- The Washington Times - Sunday, August 15, 2004


Tropical Storm Charley turned out to be nothing more than a lingering shower for the city and Maryland and Virginia suburbs.

The hurricane that pummeled Florida and raced through Georgia and the Carolinas on Saturday lost its fervor by the time it reached the mid-Atlantic.

Ronald Reagan Washington National Airport and Washington Dulles International Airport received six-tenths of an inch of rain, according to the National Weather Service.

Pepco reported no outages. Alexandria and the District handed out hundreds of sandbags in the days before the storm, but no flooding was reported yesterday.

The storm left some Virginians with flooded streets and power outages but caused little damage Saturday night when it passed over the state on its trek up the East Coast.

Norfolk received 3.72 inches of rain — a record for that day — and saw wind gusts up to 45 mph. Several Hampton Roads cities, including Norfolk and Newport News, said streets were closed late Saturday due to high water.

But John Billet, an NWS meteorologist, said yesterday that forecasters are not expecting additional flooding in the area. “As far as I know, all of the flooding has gone down,” he said.

Dominion Virginia Power, the state’s largest utility, said 29,000 residences in its territory were in the dark at the outages’ peak Saturday night. The Richmond-based company was unable to provide separate figures for the affected Virginia residences but said most of the outages were in northeastern North Carolina.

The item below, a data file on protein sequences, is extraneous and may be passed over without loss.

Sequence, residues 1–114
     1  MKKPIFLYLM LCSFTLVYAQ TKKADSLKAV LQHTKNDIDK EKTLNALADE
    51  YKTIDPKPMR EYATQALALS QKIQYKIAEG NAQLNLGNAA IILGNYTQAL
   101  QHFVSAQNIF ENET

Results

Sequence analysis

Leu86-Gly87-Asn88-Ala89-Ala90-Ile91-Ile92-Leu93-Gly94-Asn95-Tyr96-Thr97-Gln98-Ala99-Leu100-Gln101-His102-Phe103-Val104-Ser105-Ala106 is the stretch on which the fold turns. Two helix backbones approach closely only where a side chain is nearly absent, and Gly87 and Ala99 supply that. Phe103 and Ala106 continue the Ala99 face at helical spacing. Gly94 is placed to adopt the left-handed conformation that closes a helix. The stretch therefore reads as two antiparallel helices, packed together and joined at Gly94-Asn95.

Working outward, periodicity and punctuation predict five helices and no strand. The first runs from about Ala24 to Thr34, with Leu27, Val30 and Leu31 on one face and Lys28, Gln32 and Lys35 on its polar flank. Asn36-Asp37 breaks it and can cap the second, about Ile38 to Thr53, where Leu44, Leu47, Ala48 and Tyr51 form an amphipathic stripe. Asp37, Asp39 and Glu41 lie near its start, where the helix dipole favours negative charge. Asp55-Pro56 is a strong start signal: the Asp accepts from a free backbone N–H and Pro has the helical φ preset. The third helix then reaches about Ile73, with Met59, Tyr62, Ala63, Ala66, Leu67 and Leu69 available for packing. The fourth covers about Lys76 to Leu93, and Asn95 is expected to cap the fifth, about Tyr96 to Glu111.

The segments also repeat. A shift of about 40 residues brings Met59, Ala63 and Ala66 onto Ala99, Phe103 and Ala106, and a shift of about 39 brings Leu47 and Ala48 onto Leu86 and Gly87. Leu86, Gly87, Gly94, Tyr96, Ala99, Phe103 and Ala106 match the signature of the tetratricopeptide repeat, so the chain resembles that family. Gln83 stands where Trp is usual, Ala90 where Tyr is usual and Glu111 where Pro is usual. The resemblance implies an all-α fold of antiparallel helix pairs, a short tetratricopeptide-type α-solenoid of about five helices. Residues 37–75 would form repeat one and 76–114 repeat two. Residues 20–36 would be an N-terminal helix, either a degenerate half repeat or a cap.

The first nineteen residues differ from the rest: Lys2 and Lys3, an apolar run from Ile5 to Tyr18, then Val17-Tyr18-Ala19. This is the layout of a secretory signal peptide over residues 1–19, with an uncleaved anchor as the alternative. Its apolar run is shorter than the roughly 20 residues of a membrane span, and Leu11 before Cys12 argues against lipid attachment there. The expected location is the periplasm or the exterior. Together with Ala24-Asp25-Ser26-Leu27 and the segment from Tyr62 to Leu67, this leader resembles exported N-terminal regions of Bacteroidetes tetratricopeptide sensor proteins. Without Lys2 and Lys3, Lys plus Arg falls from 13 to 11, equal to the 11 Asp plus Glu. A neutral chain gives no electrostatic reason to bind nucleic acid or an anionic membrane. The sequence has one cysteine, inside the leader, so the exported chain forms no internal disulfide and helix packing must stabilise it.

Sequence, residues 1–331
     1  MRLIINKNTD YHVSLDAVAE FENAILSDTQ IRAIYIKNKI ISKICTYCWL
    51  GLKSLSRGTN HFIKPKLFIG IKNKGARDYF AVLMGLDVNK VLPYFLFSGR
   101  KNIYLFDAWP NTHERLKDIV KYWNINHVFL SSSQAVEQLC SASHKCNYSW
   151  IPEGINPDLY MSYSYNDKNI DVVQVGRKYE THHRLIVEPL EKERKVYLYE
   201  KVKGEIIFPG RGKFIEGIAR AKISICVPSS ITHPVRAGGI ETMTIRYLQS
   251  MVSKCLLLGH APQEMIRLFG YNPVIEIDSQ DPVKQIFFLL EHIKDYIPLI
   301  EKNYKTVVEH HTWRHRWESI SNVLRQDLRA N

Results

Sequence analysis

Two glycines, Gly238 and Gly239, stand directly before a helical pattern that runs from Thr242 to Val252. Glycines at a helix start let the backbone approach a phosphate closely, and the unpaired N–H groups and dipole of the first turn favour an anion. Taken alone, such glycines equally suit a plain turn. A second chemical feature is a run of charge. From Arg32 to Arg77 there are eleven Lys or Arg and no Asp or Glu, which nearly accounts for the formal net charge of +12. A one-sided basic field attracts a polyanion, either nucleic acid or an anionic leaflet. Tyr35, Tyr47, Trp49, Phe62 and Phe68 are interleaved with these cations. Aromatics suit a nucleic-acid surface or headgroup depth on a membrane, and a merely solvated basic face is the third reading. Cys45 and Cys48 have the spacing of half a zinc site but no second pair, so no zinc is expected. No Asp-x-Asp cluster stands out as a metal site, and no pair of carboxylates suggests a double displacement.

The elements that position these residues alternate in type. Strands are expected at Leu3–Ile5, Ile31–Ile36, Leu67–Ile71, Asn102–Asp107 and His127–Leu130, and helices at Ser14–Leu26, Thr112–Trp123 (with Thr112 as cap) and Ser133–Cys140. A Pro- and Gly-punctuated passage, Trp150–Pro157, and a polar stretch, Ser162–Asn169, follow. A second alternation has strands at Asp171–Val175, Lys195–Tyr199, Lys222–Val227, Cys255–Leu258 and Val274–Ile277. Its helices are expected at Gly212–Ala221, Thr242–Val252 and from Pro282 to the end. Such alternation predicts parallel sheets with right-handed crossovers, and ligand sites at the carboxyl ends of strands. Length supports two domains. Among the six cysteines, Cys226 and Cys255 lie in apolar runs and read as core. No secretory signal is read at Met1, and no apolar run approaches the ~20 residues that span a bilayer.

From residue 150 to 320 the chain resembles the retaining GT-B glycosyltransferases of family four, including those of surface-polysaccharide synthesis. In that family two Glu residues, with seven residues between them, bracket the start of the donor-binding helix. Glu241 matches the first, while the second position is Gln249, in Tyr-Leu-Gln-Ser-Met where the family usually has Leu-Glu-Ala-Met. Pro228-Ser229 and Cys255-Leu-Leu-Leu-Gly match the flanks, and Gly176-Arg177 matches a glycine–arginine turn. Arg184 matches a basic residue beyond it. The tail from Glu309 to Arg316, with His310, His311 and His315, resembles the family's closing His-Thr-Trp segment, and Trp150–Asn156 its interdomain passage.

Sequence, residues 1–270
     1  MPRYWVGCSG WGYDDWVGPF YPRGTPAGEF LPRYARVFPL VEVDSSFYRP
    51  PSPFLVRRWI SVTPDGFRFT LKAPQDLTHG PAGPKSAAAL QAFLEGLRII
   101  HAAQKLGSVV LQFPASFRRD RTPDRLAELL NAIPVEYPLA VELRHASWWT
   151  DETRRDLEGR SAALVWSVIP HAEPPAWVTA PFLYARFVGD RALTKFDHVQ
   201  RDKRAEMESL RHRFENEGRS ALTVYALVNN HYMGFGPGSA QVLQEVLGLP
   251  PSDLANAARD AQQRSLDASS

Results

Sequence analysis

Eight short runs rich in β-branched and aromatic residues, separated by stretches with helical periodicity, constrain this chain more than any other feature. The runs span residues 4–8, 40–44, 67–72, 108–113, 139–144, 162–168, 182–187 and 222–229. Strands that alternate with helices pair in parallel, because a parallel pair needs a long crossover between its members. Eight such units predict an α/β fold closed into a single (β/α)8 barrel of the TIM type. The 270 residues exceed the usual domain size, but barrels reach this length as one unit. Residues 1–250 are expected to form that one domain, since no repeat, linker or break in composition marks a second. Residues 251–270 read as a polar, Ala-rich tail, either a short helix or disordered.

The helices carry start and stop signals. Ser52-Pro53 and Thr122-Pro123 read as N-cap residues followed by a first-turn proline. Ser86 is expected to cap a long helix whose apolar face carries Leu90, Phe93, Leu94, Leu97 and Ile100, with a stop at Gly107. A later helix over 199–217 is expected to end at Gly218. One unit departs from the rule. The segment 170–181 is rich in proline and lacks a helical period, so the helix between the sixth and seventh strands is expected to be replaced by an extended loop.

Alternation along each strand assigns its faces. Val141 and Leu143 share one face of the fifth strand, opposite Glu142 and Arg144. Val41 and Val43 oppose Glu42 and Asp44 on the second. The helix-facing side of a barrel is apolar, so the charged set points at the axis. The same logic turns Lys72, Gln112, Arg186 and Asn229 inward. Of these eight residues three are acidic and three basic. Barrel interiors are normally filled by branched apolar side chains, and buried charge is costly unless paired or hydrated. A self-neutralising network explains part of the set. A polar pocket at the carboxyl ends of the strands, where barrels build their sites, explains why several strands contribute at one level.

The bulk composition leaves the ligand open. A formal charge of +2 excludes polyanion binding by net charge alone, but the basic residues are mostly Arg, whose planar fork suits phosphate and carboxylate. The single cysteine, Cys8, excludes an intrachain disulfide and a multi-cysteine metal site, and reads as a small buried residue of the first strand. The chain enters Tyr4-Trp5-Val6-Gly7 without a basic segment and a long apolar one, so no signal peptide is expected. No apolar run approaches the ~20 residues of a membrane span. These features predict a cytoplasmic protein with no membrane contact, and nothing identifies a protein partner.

Only 3,000 of its North Carolina customers remained without power yesterday morning.

With the storm out of their service area, Virginia Power line workers began leaving for Florida, where they will help restore power in communities battered by Hurricane Charley, which had turned into a tropical storm before it hit Virginia.

A contingent of 120 linemen left early yesterday for Florida and an additional 100 personnel plus contractors will leave today, said Dominion Virginia Power spokeswoman Daisy Pridgen.

It was just a rainy weekend in Maryland, as well, state officials said.

Ed McDonough, a spokesman for the Maryland Emergency Management Agency, said there were no damage reports anywhere in the state.

Baltimore-Washington International Airport received less than half an inch of rain, according to the National Weather Service. Salisbury reported about 2 inches, and St. Mary’s County reported a little more than 2 inches.

Peak winds at BWI and at the Patuxent River Naval Station in southern Maryland hit 18 mph.

Rob Gould of Constellation Energy Group said Baltimore Gas and Electric had no problems. Mr. Gould said the utility, which serves more than 1.1 million customers in Maryland, scaled back extra resources it had on hand at about 9 p.m. Saturday night.

Meanwhile, the long trip to Florida was cut short for Montgomery County’s Urban Search and Rescue Team.

The 80-member team and its road convoy left late Saturday to help after the hurricane devastated parts of the state. But county fire and rescue spokesman Capt. Oscar Garcia said the Federal Emergency Management Agency told them to turn back around 1 a.m. yesterday as they were driving through South Carolina because they weren’t needed.

A local chapter of the American Red Cross also sent a small team to Florida. A team of seven left yesterday morning and had not yet arrived when The Washington Times spoke to the Red Cross.

But spokesman Cameron Ballantyne said they had not been turned back and they planned to stay in Florida “for as long as it takes.”

Judith Person contributed to this report.

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